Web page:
bullet1 & 2 Kings: These books cover the rule of David's son Solomon, the construction and dedication of the temple at Jerusalem, the division of the kingdom into Israel in the North and Judah in the South in 931 BCE, a succession of 20 kings in both kingdoms, the captivity of Israel by the Assyrians in 721 BCE, the captivity of Judah by the Babylonians in 605 BCE, and the Jewish exile in 586 BCE.

bulletCT generally attribute authorship of 1 & 2 Kings to an unknown writer who initially wrote the books before the captivity of Judah and who did a final edit circa 580 BCE, shortly after Judah was conquered.

bulletLT essentially agree with this assessment.

bullet1 & 2 Chronicles: These books repeat much of the material in 1 & 2 Samuel and 1 & 2 Kings. Starting with Adam, 1 Chronicles traces the lineage of Israel down to Kings Saul and David. 2 Chronicles describes the reign of Solomon and the succeeding Judean kings.

bulletCT often attribute authorship of 1 & 2 Chronicles to Ezra, some time after 450 BCE.

bulletLT many essentially agree with this assessment, although a few would attribute it to an unknown author who composed it after Alexander the Great conquered Palestine in 333 BCE.

bulletEzra: Describes the return of the people of Judah (and some of Israel) to Jerusalem in 538 BCE, the rebuilding of the temple, and the reconstruction of the walls of Jerusalem.

bulletCT often attribute authorship to Ezra, writing about 450 BCE.

bulletLT many scholars debate the appropriate chronological order for the books of Ezra and Nehamiah. Some believe that Ezra and Nehemiah might have been contemporaries. Others are convinced that Nehemiah preceded Ezra by a generation or two. (Ezra 10:16 says that when Nehemiah returned to Jerusalem, Eliashib was the high priest. Eliashib's son Jehohanan was the high priest at the time of Ezra). There appears to be no consensus on the date that Ezra was written; dates range from 450 BCE to a century or two later. The author might have been Ezra or one of his disciples.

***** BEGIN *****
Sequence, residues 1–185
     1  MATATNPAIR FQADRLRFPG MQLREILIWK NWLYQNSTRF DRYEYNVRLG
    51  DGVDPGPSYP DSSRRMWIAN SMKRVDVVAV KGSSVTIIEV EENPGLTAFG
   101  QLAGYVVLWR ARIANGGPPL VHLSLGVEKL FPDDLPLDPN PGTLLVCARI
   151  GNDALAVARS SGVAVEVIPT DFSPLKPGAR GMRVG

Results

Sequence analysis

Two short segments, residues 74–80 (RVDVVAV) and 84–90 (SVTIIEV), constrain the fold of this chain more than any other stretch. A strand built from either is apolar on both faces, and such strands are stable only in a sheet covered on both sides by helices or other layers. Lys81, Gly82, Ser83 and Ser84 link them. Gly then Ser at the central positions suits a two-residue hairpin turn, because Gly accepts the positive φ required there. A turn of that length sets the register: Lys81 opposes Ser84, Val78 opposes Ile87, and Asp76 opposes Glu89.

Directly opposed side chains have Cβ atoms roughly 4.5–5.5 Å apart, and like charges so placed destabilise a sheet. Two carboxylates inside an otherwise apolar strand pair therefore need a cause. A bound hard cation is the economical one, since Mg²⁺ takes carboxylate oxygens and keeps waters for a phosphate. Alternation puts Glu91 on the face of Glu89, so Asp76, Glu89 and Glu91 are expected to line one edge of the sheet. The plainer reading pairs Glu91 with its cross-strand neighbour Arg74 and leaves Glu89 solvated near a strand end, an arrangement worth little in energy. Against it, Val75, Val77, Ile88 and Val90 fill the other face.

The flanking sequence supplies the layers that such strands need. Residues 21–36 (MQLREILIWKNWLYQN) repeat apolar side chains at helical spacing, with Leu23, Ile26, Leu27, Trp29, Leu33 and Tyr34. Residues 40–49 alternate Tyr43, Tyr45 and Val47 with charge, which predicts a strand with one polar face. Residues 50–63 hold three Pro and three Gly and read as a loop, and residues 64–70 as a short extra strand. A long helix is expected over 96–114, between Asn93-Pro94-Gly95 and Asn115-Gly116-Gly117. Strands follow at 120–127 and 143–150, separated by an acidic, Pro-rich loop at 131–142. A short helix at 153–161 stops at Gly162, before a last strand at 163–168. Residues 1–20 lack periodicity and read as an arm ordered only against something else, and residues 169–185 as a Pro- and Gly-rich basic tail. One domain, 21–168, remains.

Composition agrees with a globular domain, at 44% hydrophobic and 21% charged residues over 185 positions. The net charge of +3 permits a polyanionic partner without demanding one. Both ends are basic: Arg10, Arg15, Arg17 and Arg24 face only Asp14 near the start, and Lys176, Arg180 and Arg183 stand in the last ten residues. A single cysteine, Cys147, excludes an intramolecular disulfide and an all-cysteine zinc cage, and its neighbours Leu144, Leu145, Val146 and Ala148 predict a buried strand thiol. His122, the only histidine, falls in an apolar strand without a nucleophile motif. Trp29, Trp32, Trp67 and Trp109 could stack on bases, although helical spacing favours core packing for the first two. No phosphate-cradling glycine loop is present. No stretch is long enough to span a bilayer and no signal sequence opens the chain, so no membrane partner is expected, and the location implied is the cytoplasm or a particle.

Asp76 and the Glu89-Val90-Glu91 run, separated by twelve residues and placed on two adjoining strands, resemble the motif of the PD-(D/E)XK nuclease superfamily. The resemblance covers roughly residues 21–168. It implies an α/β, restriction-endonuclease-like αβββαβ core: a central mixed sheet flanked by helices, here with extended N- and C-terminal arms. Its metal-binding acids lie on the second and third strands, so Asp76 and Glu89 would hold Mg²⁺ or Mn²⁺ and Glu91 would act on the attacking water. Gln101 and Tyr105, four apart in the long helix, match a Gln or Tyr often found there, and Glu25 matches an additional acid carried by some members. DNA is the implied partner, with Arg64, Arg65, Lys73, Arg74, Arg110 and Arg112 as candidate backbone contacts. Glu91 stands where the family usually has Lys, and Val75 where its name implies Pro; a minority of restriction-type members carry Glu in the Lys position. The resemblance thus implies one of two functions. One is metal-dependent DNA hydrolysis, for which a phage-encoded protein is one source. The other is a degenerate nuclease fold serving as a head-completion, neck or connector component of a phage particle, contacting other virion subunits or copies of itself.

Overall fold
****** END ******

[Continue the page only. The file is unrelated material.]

bulletNehemiah: This book describes the reconstruction of the city of Jerusalem, and its repopulating with citizens of pure Jewish descent. Celebration of the Feast of Tabernacles is renewed. Financial relief is given to the poor. This (or the book of Ezra) is chronologically the last book of the Hebrew Scriptures in most Protestant biblical translations. There is a gap of about 450 years between this book and the 1 Thessalonians, the first book to be written in the Christian Scriptures.

bulletCT written by Nehemiah about 425 BCE.

bulletLT written by Nehemiah at an unknown date.

bullet Esther: Describes a group of Israelites held captive within the Persian Empire and in danger of being exterminated. Esther, a Jewess, wins a country-wide beauty contest, becomes queen and saves her people. The annual Festival of Purim is created to celebrate delivery from their enemies.

bulletCT authorship unknown; perhaps written about 475 BCE.

bulletLT the book contains numerous historical and chronological errors. Many feel that the Festival of Purim was established first and the book of Esther created later to justify it. II Maccabees of the Apocrypha contains a list of Israelite heroes, but omits Esther. No evidence for the existence of the book was found among the Dead Sea Scrolls. These might indicate that the book was written quite late, perhaps about 125 BCE.

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Copyright 1997, to 2013, Ontario Consultants on Religious Tolerance
Latest update: 2013-SEP-06
Author: B.A. Robinson